Ethical Electronics Manufacturing

On 10/02/2012, in Technology News, by Norman Dean

“Ethical iPhone” protests raged through Grand Central Terminal and elsewhere yesterday, as fed-up Apple fans proved that they were willing to do anything to protest conditions in Apple’s Chinese manufacturing facility short of not going to Apple stores.

As Tim Worstall has pointed out, there’s nothing particularly noteworthy about Foxconn’s manufacturing in China, or Apple’s relationship with it. Oppressive conditions are par-for-the course over there, and Foxconn actually has a slightly lower suicide rate than China writ-large. and any electronics company worth their salt does their manufacturing in similar conditions: it’s the game they all play, and it’s the game we demand when we ask for cheap electronics.

And yet, there were no Microsoft protests yesterday, no Samsung protests orNokia protests. Apple continues to receive the brunt of public fury over Chinese manufacturing conditions. Why?

Apple was supposed to be our friend. They were the techno-hippies, the plucky little company getting by on style and an intuitive understanding of the way we used their electronics. Apple got us. We trusted Apple. When big, bad Microsoft was on trial for antitrust, Apple was trying to make computers fun.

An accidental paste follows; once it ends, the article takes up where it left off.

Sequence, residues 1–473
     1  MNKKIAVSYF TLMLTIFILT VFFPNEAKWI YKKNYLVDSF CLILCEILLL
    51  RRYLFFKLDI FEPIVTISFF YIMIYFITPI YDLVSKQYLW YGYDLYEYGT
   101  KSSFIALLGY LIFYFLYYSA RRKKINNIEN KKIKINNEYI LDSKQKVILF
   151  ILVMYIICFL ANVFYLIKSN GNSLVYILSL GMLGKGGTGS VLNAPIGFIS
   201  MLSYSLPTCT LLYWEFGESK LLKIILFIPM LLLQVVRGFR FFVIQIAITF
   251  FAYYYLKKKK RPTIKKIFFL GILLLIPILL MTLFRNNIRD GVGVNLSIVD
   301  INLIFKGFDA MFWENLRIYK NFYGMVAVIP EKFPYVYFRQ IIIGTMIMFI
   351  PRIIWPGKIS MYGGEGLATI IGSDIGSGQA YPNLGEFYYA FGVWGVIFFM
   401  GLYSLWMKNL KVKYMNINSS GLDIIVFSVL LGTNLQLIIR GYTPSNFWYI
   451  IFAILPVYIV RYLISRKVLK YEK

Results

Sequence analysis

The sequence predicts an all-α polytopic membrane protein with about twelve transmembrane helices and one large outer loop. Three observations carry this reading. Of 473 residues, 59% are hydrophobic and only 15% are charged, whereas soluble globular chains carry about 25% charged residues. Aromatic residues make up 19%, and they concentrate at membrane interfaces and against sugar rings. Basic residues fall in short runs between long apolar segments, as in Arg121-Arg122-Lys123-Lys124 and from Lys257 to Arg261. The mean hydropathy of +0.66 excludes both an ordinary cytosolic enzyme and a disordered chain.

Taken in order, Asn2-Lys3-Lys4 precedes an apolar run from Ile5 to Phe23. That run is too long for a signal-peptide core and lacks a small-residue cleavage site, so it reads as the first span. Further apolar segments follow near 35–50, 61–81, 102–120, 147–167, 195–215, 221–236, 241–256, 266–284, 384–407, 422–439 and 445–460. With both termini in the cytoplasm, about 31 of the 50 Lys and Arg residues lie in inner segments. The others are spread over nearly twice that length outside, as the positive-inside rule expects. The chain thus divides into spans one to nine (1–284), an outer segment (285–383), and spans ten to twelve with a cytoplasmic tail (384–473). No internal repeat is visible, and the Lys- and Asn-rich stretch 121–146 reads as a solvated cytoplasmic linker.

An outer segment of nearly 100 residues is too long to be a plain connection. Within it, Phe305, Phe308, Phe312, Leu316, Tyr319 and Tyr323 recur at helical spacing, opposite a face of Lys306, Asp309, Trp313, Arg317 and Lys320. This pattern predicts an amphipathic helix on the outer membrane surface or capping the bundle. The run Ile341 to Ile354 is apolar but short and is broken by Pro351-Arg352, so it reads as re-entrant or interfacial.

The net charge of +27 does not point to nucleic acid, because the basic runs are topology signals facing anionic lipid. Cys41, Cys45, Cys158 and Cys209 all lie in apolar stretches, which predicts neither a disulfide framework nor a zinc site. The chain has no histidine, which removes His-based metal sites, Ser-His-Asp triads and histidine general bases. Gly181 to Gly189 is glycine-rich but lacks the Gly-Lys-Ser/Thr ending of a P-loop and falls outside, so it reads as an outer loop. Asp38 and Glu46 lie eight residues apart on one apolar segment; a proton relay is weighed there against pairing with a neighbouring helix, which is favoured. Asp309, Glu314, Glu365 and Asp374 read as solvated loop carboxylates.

Everyone likes to buy things — if America has proved anything over a couple of centuries, it’s that. But for a certain set, all purchases from larger corporations come with a certain measure of guilt that must be offset by perceived ethical practices, or more likely, clever design. Whole Foods is one champion of that game, Apple is another. But the perceived ethics are just a case of reverse engineering on the part of the consumer: Apple seems responsible because we like them, and we like responsible things.

It should be pretty obvious that Apple is not a corporation for hippies. They’ve built their entire hardware business off the premise of whipping us into a frenzy every two years over the latest incremental iteration of one of their products, prodding us into buying some shiny new piece of hardware and throwing our old model out. If that doesn’t work, planned obsolescence kicks in and the device craps out shortly after the upgrade opportunity anyway. The cost to repair your PowerBook at the genius bar ends up just $2-300 less than getting a new one, and… Apple knows the game.

Apple isn’t going to move their manufacturing out of oppressive conditions. The cost of raising their manufacturing expenses to please would dwarf the benefits they’d get by pleasing those who wished that their products were nicer, and as people like the FBI have recently made clear, Steve Jobs and the company he built were nothing if not Machiavellian.


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